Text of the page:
Limping to trap = Bad decision (a lesson)
Okay Chuck, this one's for you!
I've placed ITM a couple times this last week in a couple of freerolls
for some small b/r starters ($8, $4, $10).
I've been doing some serious studying here lately and trying to get my game up to par (not even close yet). I took those small b/r's and tried to make something out of them and typically did well playing in some micro cash games/micro sng's.
But what I want to teach you today is what ChuckT's has been trying to tell me for the past two weeks. I'm talking about limping into the pot.
Up front, I will let you know that all of those small b/r's are already gone. They are gone because of limping into the pot when I should have been raising. I started another thread last night complaining about getting sucked out on by crap hands that shouldn't have been there to begin with. Well, they probably wouldn't have had I entered the pot with a 3x-4x raise. Hands like 23o, 45o, 92s were killing my AKs and AQs hands.
I'm gonna post two scenarios here (both ended my b/r on either site) and I've pokerstoved them so you can see why it happened.
I hold: AcKc on the button, folded to me
Villain: 4d5h in the BB
Flop comes out: Jd7h6d
I cbet 75% of the pot here wanting to chase out drawing hands. But remember, I'm playing micros and he just flopped an OESD; he's not letting this go without a ton of pressure. He calls and the turn is a blank for both of us. Now I'm pissed at myself for not running him out pre flop and I'm scared of just about anything he's holding, so I check it to him. Luckily, he checks it back (but now he knows I really don't have a hand).
The river comes out a 3 and to me it looks like a blank. I've just created a situation where I'm so worried about what he's holding that I don't see the completed straight chance. And, he just checked back to me on the turn so I'm really leaning towards him holding an Ax. So I bet out half the pot hoping this will just all go away and he re-raises me all in. Now I'm pot committed and I have to call. He wins.
Okay, this is getting long so I won't post both hands right now. But this is a prime example of how making the mistake of not leading out with a raise in position with a good hand to do so led to a whole slew of mistakes. I could've have pushed him off that hand easily pre flop with a 4x raise and won 1BB. Instead, I chose to trap and lost a bunch of BB's.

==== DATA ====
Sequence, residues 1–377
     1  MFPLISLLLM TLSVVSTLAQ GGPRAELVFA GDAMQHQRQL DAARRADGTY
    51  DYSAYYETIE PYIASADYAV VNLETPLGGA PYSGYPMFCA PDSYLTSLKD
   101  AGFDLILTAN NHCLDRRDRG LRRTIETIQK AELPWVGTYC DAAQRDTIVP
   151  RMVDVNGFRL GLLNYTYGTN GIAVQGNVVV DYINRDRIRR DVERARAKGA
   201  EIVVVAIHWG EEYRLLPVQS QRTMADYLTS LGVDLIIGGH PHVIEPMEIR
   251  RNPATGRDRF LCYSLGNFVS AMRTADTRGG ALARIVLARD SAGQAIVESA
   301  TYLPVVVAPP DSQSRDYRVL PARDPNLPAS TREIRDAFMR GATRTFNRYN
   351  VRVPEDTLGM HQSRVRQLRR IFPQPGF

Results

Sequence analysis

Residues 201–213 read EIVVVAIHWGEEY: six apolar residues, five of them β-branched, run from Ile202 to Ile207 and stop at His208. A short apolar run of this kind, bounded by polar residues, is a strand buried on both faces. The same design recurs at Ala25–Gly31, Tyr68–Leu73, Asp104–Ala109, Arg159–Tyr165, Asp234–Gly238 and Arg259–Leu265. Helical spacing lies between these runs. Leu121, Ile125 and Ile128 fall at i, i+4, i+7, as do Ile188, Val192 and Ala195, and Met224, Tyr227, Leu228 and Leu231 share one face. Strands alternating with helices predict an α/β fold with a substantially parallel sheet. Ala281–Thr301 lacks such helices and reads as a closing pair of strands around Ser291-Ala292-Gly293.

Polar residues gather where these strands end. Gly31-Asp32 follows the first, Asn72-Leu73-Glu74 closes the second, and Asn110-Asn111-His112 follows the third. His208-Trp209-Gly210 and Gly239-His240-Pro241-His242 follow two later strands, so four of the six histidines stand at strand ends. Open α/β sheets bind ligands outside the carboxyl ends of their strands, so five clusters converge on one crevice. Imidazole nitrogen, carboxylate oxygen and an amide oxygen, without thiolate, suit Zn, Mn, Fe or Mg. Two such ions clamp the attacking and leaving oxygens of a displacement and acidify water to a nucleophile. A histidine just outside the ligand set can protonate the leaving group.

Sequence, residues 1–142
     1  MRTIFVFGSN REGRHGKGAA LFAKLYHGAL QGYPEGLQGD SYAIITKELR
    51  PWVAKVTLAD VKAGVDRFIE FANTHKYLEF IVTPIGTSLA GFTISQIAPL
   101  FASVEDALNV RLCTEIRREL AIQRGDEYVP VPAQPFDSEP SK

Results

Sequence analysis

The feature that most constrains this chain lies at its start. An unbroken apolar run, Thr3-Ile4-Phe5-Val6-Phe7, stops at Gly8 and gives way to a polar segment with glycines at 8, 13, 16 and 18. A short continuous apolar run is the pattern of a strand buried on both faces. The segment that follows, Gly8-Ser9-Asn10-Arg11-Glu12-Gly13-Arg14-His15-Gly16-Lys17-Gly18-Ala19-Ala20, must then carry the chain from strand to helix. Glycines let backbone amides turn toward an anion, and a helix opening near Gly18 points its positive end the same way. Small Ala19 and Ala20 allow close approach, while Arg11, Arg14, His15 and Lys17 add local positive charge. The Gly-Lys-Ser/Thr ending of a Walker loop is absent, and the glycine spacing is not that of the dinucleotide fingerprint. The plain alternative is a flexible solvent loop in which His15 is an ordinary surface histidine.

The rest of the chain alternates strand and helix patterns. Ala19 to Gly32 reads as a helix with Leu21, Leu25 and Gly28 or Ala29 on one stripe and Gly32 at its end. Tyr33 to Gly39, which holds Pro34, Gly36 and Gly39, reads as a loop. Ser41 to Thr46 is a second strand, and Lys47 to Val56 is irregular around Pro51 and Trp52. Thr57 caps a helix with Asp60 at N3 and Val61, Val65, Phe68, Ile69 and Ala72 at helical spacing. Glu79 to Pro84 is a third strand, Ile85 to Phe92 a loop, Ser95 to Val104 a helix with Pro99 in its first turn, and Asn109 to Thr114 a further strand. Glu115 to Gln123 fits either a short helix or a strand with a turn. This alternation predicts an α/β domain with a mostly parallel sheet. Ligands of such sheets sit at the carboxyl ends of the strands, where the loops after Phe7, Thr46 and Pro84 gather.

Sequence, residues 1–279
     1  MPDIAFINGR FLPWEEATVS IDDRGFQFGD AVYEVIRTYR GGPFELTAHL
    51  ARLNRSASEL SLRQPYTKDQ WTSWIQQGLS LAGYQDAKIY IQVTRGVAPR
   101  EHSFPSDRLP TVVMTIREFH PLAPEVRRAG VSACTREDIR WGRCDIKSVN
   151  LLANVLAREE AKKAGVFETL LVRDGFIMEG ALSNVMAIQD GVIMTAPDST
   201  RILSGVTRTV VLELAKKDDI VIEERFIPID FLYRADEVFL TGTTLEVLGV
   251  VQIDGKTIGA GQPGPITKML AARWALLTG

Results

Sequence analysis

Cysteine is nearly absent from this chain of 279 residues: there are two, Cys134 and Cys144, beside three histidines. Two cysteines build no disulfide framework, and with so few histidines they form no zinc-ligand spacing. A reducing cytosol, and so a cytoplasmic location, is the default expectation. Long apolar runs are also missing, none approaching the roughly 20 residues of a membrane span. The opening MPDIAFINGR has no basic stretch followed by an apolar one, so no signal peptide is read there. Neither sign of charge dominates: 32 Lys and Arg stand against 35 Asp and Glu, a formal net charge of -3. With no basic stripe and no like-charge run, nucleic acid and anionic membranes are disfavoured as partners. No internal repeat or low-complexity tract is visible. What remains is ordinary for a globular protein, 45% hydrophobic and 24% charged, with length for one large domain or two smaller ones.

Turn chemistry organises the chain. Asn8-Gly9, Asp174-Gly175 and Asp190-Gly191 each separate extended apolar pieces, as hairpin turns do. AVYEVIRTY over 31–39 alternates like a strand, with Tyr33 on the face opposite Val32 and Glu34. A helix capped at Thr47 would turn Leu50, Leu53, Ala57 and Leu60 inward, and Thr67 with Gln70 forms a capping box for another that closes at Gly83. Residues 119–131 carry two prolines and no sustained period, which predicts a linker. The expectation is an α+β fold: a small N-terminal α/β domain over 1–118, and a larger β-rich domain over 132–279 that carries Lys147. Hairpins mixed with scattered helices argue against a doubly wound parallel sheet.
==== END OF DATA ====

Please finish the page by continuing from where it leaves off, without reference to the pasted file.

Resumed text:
This is not saying that you need to go maniacal and raise every hand that you plan to stay in the pot with, but instead think about all the things you need to consider before you push the call button. Things like...
-how many callers in front of you
-how many players left to act behind you
-effective stacks of all players (difference between your stack and theirs)
-how many players might fold to a 3x raise; 4x raise
-are there any aggro players behind you that might re-raise you
Just paying attention at the table will make all of those things easy to work out quickly. Then, with all those things considered, figure out what is your best option at the moment. Do you call/raise/fold?
I'm still learning this and I think it's finally sunk in enough to seriously cut back the times I just enter the pot with a call hoping to either see a flop cheaply or to trap an "unsuspecting" player. And I hope that not only do I get an ass chewing from better players, but that those better players add to anything I might have missed or explained wrong. But mostly, I want lesser players to learn from my mistake and stop fearing putting some chips out there to try to win some pots.